In Colombia, the National Administrative Department of Statistics (DANE) identified that women participate in more than 65% of the economic sectors affected by COVID-19, like hospitality, tourism, and retail. During the pandemic and the resulting confinement measures, in the quarter May-July of 2020, female unemployment increased to 25.5%, the highest figure in the last decade. According to DANE, the dynamics of the labor market have reached the point that, the unemployment gap for women has risen to 8.5% in relation to the unemployment rate in men, which stood at 17%. The data are especially worrisome among the group of young women who registered an unemployment rate of 37.7% for the same period.
DANE has reported that women working in the informal economy has reached 59%. Among these women, 41% are self-employed, and 36% are mothers and heads of households. About 5 million people depend on these women. The social value of economic empowerment is related to their collective social well-being.
Before the pandemic, the country’s progress was reflected in the OECD 2020 international ranking of social institutions and gender. Colombia ranked as a leader in women’s equity policies in Latin America.
The country defined its course with a strong policy towards social equity, and a substantial commitment towards women’s equity. This was reflected in the National Development Plan 2018-2019 “Pact for Colombia-Pact for Equity” of the Government of President Iván Duque. Even so, we also have a gender-balanced cabinet for the first time in the history of Colombia.
We have a strategy called One Million Empowered Women, focusing on training, entrepreneurship, formalization, and employment. For example, in a bold commitment to rural women’s equity, the Government signed the “Pact for rural women, employment, formality and rural development” with businessmen and unions from the agricultural sector. With a firm commitment to competitiveness and overcoming the pandemic, we support 457,000 rural women (190,000 cattle ranchers and 267,000 agricultural producers) who will benefit from subsidized financing programs, technical support, and permanent training, promotion of associativity, support for marketing and violence prevention programs.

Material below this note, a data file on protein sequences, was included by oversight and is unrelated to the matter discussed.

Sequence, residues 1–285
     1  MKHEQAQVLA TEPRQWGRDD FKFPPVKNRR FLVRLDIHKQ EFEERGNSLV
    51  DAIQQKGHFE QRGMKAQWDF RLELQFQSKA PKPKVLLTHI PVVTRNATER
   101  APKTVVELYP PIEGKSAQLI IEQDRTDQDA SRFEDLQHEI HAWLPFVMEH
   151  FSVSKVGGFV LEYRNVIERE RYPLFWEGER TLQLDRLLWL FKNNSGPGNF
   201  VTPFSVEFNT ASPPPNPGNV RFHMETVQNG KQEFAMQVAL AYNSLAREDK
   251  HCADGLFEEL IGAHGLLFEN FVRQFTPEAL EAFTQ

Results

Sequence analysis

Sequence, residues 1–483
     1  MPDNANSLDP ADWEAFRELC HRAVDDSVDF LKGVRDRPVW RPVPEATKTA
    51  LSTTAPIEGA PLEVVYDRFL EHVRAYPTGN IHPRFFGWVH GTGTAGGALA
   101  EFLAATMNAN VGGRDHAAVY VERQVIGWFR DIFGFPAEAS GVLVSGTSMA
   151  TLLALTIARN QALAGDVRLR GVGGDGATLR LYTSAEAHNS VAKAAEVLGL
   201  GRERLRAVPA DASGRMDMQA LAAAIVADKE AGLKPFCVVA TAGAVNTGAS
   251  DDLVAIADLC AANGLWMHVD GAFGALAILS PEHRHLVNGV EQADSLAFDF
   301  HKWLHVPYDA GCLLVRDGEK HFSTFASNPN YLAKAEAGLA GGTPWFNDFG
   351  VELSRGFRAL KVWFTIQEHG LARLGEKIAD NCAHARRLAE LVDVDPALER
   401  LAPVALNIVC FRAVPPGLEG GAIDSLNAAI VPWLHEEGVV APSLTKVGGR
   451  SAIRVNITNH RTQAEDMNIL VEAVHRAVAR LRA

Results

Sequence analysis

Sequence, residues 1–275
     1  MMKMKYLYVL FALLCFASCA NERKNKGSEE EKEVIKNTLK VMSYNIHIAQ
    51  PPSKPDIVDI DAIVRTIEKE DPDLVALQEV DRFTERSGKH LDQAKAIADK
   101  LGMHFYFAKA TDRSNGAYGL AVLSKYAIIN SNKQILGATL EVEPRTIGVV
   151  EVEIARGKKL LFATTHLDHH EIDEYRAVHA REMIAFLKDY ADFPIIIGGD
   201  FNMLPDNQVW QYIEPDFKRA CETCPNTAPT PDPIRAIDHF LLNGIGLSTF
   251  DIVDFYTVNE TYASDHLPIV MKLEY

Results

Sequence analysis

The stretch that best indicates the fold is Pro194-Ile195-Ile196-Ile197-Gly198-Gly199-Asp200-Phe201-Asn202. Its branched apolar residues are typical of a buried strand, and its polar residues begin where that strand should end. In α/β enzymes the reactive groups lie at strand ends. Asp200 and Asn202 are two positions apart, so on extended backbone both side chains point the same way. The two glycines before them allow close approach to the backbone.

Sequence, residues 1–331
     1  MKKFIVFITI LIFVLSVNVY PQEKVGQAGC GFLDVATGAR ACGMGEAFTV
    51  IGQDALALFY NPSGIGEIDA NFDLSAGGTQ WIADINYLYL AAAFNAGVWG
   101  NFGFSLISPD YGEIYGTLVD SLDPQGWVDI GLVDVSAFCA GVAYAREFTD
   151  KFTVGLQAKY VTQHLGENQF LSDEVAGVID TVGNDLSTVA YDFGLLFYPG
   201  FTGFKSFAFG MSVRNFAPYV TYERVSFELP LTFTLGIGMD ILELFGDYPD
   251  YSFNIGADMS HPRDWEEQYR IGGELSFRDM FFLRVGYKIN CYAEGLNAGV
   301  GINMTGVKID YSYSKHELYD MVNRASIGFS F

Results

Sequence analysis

Credible and sustainable leverage is also necessary. We created an Autonomous Trust Fund to promote, finance, and support entrepreneurship, formalization, and women’s business strengthening. Therefore, allowing the country to have a capital fund to promote women’s businesses.
Building international networks is essential. We proposed the creation of the Latin American Coalition for the Economic Empowerment of Women, whose main objective is to promote their enterprises and capital funds for the financing. As governments take on debt, we suggested that they include a component allocated to investment funds and capital for women.
Mentoring and networking have been imperative. We have relied on the Presidential Advisory Council of Colombian Entrepreneurs’ commitment, made up of 134 women. With these women, we are implementing the initiative ‘Amadrina una alcaldesa,’ through which businesswomen and executives support the management of local women, focusing on women to repower the productive system and raise the levels of regional competitiveness.
Repowering with equity
Commitment to Colombia’s Future is the reactivation plan defined by the national Government: Generation of employment; Clean and sustainable growth; Protection of the poor and vulnerable; Field and peace with legality; and Health. These are the priorities to generate the economic and social impact necessary for recovery, keeping the course towards the SDG-2030. The necessary investment amounts to 100 billion pesos and we anticipate the creation of one million direct and indirect jobs, between 2020 and 2022.
Colombia is committed to accelerating women’s economic empowerment as a factor for social change. In Commitment to Colombia, the generation of employment and the business network’s reconstruction will not lose sight of this opportunity.
Financing will be a central element to ensure that women can have scalable, sustainable, profitable, successful ventures that last and trigger the balance between social well-being, care of the environment, economic growth, and the consolidation of equity.
Original article here